In a sleepy hamlet in Norfolk lies this fabulous dodecagon shaped house vertically clad with beautiful native larch. This thermally insulated building with its superb design has an internal central supporting structure of steel. With a central upper floor and clock tower topped with a weather vane. It is the beautiful home of Julie and Eddie Krutysza owners of Hattens Farm Nursery where days are spent running the farm and tending their beautiful roses and plants.
Larch suits a more rustic cladding profile such as sawn feather edge or a waney edge. With care however British grown larch is also suitable for drying and machining to various cladding profiles. It’s ideal for exposed elevations as it’s both tough and durable. Left untreated, overtime weathering to a beautiful silver grey. A consistent timber it also weathers relatively evenly. Northerly elevations may weather to a darker grey than those which are south facing. However, if an unweathered look is preferable, Larch also takes exterior grade oils extremely well.
When compared to Siberian Larch, British grown Larch is typically warmer in appearance. Its colour ranges from a pinky brown in the heartwood to creamy-white in the sap band. With a characterful grain it has a good number of knots which appear scattered and frequent along the boards. It’s a quality cladding offering a rustic appearance and a great alternative where budget is a primary concern.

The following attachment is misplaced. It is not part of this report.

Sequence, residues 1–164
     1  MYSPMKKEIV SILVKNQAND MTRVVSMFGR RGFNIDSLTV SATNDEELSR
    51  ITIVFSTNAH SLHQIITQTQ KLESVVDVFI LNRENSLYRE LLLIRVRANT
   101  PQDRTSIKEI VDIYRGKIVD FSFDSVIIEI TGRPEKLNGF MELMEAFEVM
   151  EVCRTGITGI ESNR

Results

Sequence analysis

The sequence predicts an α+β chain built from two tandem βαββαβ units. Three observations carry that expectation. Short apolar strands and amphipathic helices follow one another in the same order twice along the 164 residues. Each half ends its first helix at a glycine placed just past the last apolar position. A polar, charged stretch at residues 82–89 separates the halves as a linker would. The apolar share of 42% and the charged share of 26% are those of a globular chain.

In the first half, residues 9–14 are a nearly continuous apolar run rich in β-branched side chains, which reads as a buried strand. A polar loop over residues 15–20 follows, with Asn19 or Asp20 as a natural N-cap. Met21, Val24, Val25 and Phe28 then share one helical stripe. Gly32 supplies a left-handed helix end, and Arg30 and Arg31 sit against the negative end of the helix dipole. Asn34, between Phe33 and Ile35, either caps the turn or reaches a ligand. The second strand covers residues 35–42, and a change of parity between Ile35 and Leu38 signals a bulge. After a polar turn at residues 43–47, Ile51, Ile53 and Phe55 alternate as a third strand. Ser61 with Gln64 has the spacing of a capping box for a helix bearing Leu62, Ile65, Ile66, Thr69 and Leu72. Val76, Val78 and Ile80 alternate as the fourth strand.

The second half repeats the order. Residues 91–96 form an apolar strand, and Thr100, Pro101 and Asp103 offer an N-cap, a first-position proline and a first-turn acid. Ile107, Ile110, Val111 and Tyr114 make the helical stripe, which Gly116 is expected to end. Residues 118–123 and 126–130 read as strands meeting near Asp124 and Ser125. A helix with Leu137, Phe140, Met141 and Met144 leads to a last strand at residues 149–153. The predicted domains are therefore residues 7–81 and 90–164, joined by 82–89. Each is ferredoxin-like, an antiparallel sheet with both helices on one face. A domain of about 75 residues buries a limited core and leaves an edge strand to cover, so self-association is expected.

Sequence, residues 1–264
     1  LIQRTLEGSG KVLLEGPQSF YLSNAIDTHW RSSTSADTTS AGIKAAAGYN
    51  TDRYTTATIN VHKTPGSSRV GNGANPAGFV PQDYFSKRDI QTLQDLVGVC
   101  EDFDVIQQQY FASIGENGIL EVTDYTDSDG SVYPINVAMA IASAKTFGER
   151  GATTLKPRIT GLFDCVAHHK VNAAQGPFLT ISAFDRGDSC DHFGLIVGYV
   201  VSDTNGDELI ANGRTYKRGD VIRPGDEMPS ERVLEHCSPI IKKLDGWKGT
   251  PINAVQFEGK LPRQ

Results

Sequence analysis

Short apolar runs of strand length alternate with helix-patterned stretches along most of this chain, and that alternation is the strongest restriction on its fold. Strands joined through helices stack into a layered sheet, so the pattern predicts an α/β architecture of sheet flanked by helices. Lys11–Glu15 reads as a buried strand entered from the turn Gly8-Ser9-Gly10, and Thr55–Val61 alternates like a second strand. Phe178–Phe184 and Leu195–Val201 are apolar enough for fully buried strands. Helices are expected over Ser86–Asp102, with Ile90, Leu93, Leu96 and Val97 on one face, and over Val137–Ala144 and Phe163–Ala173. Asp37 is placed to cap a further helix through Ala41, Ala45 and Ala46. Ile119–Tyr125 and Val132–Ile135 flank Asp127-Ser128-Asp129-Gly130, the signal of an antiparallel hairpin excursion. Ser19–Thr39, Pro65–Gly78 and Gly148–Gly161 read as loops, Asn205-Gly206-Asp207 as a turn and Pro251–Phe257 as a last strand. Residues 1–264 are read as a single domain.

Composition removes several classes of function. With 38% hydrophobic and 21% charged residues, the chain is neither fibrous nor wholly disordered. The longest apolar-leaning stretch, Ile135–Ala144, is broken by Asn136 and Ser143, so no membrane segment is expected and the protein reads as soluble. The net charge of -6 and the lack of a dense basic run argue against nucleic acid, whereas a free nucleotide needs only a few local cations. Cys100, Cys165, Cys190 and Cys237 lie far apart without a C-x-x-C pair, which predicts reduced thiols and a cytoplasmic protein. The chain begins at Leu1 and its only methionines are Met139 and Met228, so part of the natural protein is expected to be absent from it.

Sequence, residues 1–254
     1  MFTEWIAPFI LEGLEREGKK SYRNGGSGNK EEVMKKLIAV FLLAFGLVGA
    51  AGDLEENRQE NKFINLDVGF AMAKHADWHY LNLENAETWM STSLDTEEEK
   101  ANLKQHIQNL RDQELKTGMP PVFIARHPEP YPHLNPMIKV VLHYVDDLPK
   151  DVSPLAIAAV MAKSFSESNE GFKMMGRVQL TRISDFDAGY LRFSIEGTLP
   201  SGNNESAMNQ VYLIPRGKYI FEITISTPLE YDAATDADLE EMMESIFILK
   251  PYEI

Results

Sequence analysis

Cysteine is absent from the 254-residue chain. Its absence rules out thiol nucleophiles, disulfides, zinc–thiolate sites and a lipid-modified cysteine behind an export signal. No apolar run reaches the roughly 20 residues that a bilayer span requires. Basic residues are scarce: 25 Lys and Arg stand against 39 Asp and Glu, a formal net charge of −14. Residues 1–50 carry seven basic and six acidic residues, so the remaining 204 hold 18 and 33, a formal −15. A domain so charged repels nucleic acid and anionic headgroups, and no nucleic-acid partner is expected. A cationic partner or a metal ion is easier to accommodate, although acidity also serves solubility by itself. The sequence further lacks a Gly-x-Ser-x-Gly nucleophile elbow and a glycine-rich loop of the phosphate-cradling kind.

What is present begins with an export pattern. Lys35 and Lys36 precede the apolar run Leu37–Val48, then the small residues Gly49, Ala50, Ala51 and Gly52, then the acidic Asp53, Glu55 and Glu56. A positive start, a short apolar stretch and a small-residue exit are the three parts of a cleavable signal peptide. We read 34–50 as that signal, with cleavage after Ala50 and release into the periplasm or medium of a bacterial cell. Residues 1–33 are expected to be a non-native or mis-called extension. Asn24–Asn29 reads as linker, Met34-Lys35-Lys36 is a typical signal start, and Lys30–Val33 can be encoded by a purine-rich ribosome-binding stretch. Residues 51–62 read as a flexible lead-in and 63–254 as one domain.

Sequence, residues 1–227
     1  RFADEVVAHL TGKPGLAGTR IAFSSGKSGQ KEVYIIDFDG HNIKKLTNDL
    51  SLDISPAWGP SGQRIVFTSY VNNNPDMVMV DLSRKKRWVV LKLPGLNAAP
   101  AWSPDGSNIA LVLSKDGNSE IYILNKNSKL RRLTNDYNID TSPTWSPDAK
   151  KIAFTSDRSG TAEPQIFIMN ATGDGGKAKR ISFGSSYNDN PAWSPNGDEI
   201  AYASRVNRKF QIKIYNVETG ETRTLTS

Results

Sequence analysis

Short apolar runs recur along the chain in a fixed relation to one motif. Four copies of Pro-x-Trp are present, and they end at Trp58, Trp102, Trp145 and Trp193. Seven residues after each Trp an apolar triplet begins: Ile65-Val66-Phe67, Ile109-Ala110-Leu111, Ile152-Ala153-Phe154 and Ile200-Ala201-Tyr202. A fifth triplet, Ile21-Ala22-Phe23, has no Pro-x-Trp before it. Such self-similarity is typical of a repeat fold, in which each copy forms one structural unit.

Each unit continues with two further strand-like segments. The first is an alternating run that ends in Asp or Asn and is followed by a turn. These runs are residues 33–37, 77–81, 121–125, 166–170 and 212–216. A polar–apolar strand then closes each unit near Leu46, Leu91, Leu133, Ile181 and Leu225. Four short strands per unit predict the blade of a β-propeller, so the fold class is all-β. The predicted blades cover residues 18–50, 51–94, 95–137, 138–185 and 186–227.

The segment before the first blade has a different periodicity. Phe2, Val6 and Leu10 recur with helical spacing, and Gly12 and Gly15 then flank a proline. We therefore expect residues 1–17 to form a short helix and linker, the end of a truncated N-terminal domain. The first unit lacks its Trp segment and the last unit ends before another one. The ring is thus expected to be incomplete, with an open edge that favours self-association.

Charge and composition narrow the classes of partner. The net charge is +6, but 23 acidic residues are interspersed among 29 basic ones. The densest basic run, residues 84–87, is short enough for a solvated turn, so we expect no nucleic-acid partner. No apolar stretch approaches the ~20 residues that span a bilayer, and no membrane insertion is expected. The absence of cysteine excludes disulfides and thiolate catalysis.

Initially very high in moisture it dries out relatively quickly, soon finding it’s ambient moisture level. Autumn is the optimum time to fit cladding, allowing a full three seasons to acclimatise before summer. It will shrink a little bit in the width but that’s what the overlapping profiles are about. They take up the slack and maintain weather tightness.
All in all a beautiful indigenous timber which is fully sustainable and easily sourced from well managed woodland and forestry throughout the UK.